This apparent act of sabotage appears ideologically motivated and as such, represents a body blow for evidence based policy making. Removing the requirement for scientists creates the possibility that the panel could be repopulated with acquisecent individuals willing to support the governments approach, free from the constrains of evidence.  The Council provided a sustained challenge to New Labour and their pretensions of evidence based policy making; the coalition seems set to neutralise it before it creates the same problems for them.

There is evidence and support for policies that view problem drug usage as a public health, rather than a criminal justice issue.  Instead of putting drug addicts in prison - where drugs and boredom are both in plentiful supply - put them into care; rehabilitation and medical care is not only more humane but also delivers greater results.  A key step toward this is decriminalisation, a policy followed in other parts of Europe with success.  Decriminalisation paves the way for addicts to be channelled into healthcare rather than the criminal justice system thus removing problem users from the cycle of drug abuse and crime.  It should be noted that despite billions of pounds of investment prohibition of drugs has not only utterly failed, but continues to exacerbate the problem; their availability to end users continues to increase as their price continues to fall.
Unfortunately decriminalisation (a key step toward reform of drug policy into an issue of public health) has been unpalatable for British governments since the 1960s when the current classification system was introduced.  The punitive populism harnessed by Michael Howard in the 1990s (subsequently continued by New Labour) pushed drug policy further toward the criminal justice system and away from the control of health professionals.  The ACMD ran into trouble with a number of New Labour home secretaries for having the audacity to perform its primary role; advise the government on drug policy using scientifically researched evidence.  It represented a contradiction; an expert source of evidence based policy for a government whose primary concern was the consideration of public perception.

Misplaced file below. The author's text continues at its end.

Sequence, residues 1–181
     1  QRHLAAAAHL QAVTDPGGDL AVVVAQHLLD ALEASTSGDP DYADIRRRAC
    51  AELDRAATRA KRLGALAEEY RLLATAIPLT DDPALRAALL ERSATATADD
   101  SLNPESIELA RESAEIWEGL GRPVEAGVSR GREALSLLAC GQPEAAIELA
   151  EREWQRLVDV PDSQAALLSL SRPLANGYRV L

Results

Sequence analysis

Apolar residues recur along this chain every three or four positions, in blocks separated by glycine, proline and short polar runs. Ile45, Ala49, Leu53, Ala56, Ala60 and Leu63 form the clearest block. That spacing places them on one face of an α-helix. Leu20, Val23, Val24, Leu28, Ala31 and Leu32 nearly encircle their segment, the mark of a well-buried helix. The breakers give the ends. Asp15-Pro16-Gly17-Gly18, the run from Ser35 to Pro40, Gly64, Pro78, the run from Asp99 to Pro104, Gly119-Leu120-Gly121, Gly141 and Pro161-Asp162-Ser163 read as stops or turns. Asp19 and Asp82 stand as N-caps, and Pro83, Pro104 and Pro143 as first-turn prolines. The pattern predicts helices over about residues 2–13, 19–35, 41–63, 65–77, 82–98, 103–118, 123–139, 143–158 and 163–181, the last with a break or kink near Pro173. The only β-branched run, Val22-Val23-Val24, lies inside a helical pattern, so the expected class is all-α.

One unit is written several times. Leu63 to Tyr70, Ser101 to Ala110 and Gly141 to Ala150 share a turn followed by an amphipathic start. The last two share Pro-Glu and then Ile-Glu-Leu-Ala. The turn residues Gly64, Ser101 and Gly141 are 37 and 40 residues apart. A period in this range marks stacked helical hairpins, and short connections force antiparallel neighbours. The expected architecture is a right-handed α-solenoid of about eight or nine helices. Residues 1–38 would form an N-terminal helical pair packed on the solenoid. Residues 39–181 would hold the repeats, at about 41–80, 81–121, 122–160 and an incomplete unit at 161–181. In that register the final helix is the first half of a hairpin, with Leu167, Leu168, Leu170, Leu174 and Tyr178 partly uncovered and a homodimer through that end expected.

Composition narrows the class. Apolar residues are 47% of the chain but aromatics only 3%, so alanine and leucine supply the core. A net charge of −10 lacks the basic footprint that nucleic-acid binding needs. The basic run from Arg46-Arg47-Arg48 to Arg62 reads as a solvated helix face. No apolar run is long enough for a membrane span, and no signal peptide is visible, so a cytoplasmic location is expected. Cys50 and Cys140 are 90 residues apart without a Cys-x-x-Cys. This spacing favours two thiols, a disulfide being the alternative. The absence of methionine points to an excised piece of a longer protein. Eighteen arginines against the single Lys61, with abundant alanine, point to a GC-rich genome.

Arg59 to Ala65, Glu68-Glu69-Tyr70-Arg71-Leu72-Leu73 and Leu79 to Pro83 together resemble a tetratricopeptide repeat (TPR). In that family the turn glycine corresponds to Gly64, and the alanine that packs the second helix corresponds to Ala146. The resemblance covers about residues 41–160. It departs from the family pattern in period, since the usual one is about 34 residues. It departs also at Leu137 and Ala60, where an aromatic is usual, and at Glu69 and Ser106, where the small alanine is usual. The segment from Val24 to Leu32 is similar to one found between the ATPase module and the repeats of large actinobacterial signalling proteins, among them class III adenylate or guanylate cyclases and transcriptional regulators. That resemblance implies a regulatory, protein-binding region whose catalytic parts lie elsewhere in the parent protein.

This contradiction was played out when it came to reclassifying Cannabis and other controlled substances.  A particularly interesting report in which the government had no interest was published in 2007 and sought to rank controlled substances by their harm (both physical and social).  The report suggested that under the current classification system Ecstasy should be a Class C drug, Alcohol Class A; this was summarily ignored.  The Advisory Council also opposed the reclassification of Cannabis from Class C to B in 2009, stating a lack of evidence on which to base the move.  Several public clashes involving the head of the ACMD professor David Nutt occurred; in a particularly controversial article he compared the death rates for equestrian sports and ecstasy usage conclusively concluding that the former was a significantly greater risk to public health.  This use of evidence to illustrate holes in government policy was not welcome and following a further clash over the classification of alcohol  professor Nutt was sacked.  Several other scientists resigned over the incident.